Since the beginning of the pandemic, several aspects of life have actually become much more convenient. As options closed down around us, more and more people started finding ways to get their needs met from home – including their workouts. 

While gyms and exercise classes are largely back in session, we now have more at-home options than ever before. You can still go out to get your workout in, but having options for when money or time is tight is a fail-safe against falling off track. 

Why Home Exercise is a Good Option for People with Diabetes 

Getting moving is one of the most important things you can do for diabetes treatment, but unfortunately, exercise often comes with its own set of obstacles. If it's an exercise class you want to join, will they have class times that fit your schedule? What if there's traffic and you can't make a class?

If it's a personal trainer you're looking for, how many times per week will you be working with them? And how much does that cost?

Having an in-home exercise regimen is one of the best ways to ensure that you actually get your workout in, regardless of what the day throws at you. 

Some of the benefits of a home exercise program include:

Save Money 

An average fitness class costs about $20 per class, while gym memberships seem to hover (on average) around $100 per month. Add in a personal trainer at $100 or more an hour, and you're looking at several hundred dollars per month just to get your workout in. 

Working out from home is a free way to get moving, and as mentioned, there are endless workout videos you can find online to keep you entertained.

Stay On Track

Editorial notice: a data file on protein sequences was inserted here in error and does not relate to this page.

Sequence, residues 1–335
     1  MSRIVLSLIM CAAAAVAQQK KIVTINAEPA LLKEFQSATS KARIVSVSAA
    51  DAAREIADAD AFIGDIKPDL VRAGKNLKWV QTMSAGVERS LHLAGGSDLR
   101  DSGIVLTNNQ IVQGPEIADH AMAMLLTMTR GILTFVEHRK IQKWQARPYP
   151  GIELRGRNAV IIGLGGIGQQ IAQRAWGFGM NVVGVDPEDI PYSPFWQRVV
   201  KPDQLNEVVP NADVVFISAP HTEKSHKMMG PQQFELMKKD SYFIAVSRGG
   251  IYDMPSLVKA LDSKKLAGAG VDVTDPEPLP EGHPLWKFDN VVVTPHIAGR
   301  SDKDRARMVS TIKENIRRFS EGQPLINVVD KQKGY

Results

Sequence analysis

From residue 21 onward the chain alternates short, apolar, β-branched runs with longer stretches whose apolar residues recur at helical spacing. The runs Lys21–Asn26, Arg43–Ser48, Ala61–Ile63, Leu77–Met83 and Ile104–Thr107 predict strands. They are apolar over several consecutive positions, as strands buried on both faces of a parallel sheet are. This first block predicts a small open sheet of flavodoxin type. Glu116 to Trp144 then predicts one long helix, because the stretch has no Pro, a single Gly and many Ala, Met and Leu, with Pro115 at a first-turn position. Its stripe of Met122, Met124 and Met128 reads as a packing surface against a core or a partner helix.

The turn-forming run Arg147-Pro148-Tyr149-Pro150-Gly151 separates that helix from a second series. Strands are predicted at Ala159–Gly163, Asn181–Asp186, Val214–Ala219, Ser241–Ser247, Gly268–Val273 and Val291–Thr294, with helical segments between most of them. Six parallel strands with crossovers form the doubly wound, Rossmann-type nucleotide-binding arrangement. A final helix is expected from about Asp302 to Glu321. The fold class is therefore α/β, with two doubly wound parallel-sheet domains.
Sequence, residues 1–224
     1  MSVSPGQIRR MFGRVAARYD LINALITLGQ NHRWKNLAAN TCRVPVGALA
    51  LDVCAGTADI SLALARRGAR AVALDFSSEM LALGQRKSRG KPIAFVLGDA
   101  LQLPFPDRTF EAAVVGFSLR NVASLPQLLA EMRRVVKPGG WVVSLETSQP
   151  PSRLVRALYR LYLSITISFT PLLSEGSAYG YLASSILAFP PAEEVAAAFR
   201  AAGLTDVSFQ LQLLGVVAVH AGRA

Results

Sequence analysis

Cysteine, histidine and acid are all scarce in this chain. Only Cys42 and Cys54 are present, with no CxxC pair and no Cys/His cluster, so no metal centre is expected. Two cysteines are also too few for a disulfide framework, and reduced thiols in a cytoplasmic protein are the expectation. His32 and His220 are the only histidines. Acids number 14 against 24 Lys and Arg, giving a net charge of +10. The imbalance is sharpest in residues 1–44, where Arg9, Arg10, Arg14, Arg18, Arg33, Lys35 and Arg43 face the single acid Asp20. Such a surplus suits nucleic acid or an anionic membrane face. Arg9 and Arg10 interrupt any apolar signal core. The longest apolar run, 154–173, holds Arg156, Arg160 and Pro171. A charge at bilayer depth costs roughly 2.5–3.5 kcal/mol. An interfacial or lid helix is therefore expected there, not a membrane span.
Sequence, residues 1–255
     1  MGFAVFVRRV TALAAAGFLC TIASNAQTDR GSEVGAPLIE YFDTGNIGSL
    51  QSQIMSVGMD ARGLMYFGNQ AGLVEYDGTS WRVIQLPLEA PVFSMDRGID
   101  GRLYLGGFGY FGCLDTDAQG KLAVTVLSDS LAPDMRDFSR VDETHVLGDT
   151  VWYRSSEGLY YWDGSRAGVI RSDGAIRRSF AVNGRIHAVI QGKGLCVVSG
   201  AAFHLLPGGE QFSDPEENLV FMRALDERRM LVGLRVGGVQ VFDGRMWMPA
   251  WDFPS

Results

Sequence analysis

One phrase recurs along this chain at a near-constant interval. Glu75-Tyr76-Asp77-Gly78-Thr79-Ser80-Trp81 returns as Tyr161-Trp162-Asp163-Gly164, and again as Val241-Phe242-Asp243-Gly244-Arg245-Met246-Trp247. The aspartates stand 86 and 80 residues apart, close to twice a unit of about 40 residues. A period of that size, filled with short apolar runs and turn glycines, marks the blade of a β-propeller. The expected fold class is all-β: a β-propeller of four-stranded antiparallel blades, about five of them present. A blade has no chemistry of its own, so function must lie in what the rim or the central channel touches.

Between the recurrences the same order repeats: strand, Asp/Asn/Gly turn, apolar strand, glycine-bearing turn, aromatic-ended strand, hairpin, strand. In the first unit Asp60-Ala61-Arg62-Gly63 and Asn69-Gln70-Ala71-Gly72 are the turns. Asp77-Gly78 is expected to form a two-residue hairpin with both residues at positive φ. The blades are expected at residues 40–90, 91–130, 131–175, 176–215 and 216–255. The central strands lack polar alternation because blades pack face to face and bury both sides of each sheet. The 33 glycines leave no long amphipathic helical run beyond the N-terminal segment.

When the time to work out rolls around, it can become very easy to make excuses as to why "today isn't a good day." Traffic? Do you have to make dinner? You have a call that's going over, and you're going to miss class?

When you workout from home, all of those excuses fall away. 

The convenience of having an at-home workout plan means that you're much more likely to reach your goals and stay on track. It also saves you time that might be spent dealing with traffic to and from the gym. 

Essentially, working out from home is a no-excuse tactic for getting you into shape. 

Stay Safe

These days many people are opting to avoid crowded public spaces in an effort to stay healthy. Although we're seeing a shift in COVID, it's still out there, and people are still getting sick. Gym and exercise classes tend to be a place where a lot of bacteria can get passed around, which makes these options a potential hotbed for viruses. 

Working out from home is a simple way to avoid a potential run-in with some unwanted bacteria. 

6 Home Exercise Activities To Help You Stay Fit 

Today, it's more convenient than ever to find at-home workout programs, as YouTube and other social platforms are loaded with options. Whether you choose to follow a workout program from your favorite fitness influencer on Instagram or you've tapped into a YouTube channel that offers a variety of exercise options, the options are truly endless. 

With that in mind, one of the major benefits of at-home workouts is that you don't need to buy a bunch of exercise equipment in order to stay fit. Here are six simple at-home workout options that will keep you moving and feeling food – hassle-free. 

#1 Yoga

Yoga is becoming increasingly popular not only as an exercise practice but also as a way to get in tune with your body and calm your mind. Research shows that yoga may be especially beneficial for people that are managing conditions like diabetes as it has a positive impact on several systems, including psychological, neurological, immunological, and endocrine[].

#2 Calisthenics (Body Weight Exercises) 

Calisthenics are excellent at-home exercises as you don't need any equipment, and you can do them anywhere. Some examples of calisthenics include:

  • Squats
  • Push-ups
  • Crunches
  • Lunges
  • Planks 

You can find guided workout videos with different sets of calisthenics, or you can even create your own routine by researching some options online.

#3 Home Cardio